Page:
We tend to resist true Hope. We prefer to settle for mere resuscitation rather than endure the pain of watching and waiting, not knowing when or how God will fulfill his promise of new life.
In this resistance, we are in good company. Peter and his friends, even after Easter Sunday, still struggled with wanting things to “go back to normal.” In John 21 Peter declares that he is going fishing – going back to his old way of life before he got to know Jesus. No one stops him. Indeed, the others join him!
Jesus surprises them yet again, leading them to a miraculous catch of 153 fish and inviting Peter three times on the seashore to renew his love. As in the Upper Room, he does not shame them for their weak human tendency to turn away. He meets them in their place of heartache and grief.
It’s so hard to grieve, so hard to lament our losses, so hard to open ourselves to the new and better heavenly realities that Jesus is opening us to. It’s much easier to deny or minimize. It may be absolutely obvious that things will never go back to the way they were, but we will keep pretending, keep holding out false hopes. Or we will identify a scapegoat that we can blame, someone to lash out at because things are not the way we want them to be. One need only spend a minute or two on social media these days to find many examples of these behaviors!!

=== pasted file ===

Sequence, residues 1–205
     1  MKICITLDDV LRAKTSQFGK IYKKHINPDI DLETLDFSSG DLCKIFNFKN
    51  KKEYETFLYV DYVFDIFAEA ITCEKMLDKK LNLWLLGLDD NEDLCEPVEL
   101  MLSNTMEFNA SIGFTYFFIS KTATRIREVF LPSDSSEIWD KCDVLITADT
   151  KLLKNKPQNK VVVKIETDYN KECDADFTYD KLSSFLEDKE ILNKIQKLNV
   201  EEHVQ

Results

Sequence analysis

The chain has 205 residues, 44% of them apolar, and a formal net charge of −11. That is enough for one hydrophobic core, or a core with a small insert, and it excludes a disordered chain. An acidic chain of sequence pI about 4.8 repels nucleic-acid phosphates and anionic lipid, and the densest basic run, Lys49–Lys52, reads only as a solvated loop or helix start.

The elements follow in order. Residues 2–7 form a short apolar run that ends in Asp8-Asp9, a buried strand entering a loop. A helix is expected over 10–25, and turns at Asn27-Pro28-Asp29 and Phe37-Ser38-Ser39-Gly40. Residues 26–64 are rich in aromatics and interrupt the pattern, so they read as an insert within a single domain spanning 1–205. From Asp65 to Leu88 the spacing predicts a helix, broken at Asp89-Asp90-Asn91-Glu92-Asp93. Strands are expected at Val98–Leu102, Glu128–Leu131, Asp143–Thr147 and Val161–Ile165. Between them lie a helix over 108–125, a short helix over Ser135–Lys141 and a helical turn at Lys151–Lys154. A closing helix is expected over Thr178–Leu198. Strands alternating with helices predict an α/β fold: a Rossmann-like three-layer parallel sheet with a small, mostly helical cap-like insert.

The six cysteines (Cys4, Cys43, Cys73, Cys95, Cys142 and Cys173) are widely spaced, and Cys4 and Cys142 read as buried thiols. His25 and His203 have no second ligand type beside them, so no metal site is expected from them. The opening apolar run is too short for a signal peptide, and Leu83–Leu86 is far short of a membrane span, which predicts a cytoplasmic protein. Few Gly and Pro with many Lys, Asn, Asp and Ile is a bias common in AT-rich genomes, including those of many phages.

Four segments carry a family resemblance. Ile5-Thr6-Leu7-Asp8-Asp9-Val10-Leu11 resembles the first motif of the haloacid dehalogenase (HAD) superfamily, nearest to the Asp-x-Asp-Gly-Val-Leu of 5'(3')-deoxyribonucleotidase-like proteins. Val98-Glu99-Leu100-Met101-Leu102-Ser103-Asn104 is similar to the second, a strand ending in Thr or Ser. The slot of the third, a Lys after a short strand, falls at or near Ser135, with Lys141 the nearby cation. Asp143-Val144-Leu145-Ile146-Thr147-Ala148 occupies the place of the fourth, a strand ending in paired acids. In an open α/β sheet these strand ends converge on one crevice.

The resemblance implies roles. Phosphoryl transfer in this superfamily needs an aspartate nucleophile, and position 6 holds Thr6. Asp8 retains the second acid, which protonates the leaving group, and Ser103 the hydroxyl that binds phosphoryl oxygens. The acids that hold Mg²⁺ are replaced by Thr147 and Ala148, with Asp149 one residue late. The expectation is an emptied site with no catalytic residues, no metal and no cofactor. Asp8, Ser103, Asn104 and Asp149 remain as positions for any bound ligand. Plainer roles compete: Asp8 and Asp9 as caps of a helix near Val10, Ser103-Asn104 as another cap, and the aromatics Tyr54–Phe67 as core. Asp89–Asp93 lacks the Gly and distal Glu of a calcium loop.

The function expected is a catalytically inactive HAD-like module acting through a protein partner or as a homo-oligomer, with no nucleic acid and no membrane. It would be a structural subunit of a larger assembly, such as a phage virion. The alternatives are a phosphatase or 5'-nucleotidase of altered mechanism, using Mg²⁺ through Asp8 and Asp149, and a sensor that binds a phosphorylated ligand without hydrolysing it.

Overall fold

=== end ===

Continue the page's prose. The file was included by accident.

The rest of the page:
It is much harder to lament – to allow ourselves to feel the depth of grief and agony and to express it to God and to others. Lament and hope are intimately connected. Refusing to settle for any false messiah, authentic Christian Hope stays open to the promises of God – even when God seems to be painfully slow and silent in answering.
The most hopeful people I know are those who are willing to cry out to God like little children – to weep, to groan, to sob, or to scream – but always seeking the face of the living God.
Hope is defiant. It resists the cheap substitute of resuscitation. It does not settle for going back to the way things were, but holds fast in Faith to the promises of Jesus. Blessed are those who mourn; they will be comforted. Blessed are those who hunger and thirst for righteousness; they will be satisfied.
Hope hurts. It is much easier to cling to control, to protect ourselves, to numb our pain, or to cast the blame on others. It is so hard to reach out in Hope when we do not know how or when the answer will come (indeed, what if no answer comes?). There is so much vulnerability there. And so much freedom.
Resuscitation can be a good thing. But in the end, it can only bring us back to the present world of corruption – a world still destined to pass away. Only Resurrection can usher in the New Creation, in which God promises to wipe away every tear, in which there will be no more mourning or death.
During these painful and challenging times, you and I have a choice. Will we cling to our flimsy hopes in resuscitation – or will we go into the depths of grief and lament and dare to hold out Hope in the Resurrection?